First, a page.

The chief of the 57-nation Organization of the Islamic Conference says the West's showdown with Iran over its nuclear program should be resolved through diplomacy. Ekmeleddin Ihsanoglu spoke about the issue with foreign correspondents in London.
In a wide-ranging news conference, O.I.C. Secretary General Ihsanoglu said that what he describes as "Western double standards" are to blame for Muslim anger over several issues. says a Danish newspaper's decision to publish cartoons critical of the Prophet Muhammad, but not others lampooning Jesus Christ, is an example of what he means.
On the question of the crisis over Iran's nuclear program, Ihsanoglu says diplomacy has not been exhausted, and he warns against a military solution.
"We don't like to see a new conflict in the Middle East. We have enough, and I should say, enough is enough," he said. "Any new spark in the Middle East would be really disastrous for everybody."
The O.I.C. chief says Iran deserves the benefit of the doubt when it says it only wants nuclear power for civilian purposes.
"We are against proliferation of nuclear weapons," he said. "I understand that Iran, officially, has said that 'we are not for nuclear weapons.' And, we take their word for that."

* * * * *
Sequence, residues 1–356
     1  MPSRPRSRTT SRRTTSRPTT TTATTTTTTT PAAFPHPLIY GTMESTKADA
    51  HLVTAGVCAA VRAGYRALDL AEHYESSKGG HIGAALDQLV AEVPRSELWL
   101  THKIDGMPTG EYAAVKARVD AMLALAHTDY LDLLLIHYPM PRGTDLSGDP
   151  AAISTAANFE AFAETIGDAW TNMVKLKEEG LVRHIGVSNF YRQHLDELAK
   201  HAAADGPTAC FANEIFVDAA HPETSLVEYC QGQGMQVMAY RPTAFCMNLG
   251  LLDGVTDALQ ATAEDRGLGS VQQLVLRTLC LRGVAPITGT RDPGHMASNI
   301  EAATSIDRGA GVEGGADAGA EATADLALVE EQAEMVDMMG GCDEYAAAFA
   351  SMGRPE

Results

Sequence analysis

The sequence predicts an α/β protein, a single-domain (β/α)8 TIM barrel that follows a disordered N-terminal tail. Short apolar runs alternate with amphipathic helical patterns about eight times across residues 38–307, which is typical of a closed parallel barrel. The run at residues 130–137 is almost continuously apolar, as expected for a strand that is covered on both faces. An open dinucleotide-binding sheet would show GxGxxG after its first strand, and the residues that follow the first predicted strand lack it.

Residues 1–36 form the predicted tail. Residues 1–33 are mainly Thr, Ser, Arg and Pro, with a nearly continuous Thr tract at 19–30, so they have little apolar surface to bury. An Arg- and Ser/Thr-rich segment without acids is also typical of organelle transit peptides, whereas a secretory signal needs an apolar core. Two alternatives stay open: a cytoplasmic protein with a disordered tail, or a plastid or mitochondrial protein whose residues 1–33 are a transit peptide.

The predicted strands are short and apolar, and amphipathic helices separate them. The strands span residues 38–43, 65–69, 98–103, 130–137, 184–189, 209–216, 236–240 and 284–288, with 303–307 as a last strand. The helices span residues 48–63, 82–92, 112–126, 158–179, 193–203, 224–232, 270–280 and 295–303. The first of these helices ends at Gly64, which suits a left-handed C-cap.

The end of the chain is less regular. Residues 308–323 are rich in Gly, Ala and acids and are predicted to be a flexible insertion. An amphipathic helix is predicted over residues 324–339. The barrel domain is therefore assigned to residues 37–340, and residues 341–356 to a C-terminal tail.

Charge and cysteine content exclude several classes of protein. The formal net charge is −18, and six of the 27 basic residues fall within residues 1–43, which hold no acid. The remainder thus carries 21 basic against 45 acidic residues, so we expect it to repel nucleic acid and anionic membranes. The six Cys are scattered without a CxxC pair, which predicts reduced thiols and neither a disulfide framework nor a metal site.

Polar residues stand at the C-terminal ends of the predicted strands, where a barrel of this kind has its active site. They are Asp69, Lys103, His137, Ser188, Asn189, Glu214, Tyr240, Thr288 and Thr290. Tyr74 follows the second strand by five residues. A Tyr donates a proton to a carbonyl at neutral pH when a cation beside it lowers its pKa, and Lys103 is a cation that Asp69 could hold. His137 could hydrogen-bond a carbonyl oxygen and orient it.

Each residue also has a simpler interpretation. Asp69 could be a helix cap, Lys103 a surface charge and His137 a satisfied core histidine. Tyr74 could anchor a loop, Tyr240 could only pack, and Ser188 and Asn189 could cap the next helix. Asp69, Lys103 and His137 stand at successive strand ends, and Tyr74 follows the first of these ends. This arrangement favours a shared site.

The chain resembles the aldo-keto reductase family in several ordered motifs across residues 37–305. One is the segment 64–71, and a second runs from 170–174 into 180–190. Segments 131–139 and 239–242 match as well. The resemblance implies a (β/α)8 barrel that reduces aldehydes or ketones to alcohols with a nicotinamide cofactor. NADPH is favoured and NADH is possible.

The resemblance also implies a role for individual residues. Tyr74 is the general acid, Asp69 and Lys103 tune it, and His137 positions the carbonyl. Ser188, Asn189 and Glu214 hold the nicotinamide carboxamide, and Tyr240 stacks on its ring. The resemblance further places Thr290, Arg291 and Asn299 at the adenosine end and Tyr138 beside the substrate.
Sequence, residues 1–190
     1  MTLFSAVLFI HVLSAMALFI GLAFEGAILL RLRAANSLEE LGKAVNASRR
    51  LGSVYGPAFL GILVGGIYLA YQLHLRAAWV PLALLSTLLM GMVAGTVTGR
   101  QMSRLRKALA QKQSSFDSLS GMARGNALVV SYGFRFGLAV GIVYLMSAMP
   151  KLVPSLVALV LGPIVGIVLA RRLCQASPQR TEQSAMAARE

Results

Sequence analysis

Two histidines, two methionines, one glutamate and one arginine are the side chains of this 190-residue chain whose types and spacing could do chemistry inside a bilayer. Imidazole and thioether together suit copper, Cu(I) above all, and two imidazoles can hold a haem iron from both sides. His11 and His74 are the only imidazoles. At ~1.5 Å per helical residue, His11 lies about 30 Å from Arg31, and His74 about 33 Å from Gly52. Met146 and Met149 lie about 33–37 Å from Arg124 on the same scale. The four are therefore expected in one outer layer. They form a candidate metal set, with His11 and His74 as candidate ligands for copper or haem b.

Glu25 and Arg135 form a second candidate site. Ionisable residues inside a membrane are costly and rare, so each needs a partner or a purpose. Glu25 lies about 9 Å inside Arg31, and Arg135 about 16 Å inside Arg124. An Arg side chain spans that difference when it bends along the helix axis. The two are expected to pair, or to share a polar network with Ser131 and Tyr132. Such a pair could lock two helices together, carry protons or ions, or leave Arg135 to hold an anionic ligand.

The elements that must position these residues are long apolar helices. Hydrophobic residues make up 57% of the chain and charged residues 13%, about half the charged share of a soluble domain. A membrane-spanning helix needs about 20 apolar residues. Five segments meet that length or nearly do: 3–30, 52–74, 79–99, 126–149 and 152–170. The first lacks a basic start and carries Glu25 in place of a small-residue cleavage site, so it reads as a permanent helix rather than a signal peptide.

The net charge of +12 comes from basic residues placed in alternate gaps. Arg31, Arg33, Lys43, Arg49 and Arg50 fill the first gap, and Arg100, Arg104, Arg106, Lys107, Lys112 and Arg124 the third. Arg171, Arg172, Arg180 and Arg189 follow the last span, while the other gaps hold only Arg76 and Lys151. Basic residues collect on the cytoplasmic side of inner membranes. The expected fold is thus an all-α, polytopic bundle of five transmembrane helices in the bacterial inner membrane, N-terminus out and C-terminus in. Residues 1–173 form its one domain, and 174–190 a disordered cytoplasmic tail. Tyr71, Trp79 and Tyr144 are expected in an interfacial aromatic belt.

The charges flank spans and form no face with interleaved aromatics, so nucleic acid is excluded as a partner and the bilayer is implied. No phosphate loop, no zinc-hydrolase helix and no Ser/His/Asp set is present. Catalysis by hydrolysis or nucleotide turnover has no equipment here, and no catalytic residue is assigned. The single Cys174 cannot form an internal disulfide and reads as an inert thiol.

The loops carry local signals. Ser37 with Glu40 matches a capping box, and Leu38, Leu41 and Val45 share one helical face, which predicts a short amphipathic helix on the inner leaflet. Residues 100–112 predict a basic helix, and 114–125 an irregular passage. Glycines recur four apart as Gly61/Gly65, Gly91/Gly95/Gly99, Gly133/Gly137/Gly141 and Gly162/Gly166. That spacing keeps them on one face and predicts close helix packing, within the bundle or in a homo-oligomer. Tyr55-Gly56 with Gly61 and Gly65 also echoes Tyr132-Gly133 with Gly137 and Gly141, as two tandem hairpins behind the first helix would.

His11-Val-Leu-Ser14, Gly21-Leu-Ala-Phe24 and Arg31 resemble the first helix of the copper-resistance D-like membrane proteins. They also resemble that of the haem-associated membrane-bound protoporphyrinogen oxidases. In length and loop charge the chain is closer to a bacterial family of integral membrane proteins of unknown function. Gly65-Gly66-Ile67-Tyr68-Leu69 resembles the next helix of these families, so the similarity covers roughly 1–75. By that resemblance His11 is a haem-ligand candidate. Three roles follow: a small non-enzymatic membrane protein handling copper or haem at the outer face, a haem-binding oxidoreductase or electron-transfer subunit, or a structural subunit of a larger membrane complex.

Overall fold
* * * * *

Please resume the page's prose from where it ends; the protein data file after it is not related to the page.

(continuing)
The United States has accused Iran of secretly working on a nuclear weapons program, and has been urging the United Nations Security Council to demand Tehran halt its nuclear enrichment activities and cooperate with the International Atomic Energy Agency.
Turning to the subject of Iraq, the O.I.C secretary general says it is unfortunate that, three months after the general election, a government still has not been formed. He expresses hope that Iraq is not headed for civil war.
"We should stop any sectarianism in Iraq, any sectarianism built on religious grounds," he added. "It's a pity we have started the 21st Century with sectarianism in Iraq."
On the status of Muslims in Britain, Ihsanoglu says, they are better off than most Muslims in other European countries. He condemns the suicide bombings by four British-born Muslims in London last July, and urges continued investigation to determine who masterminded those attacks.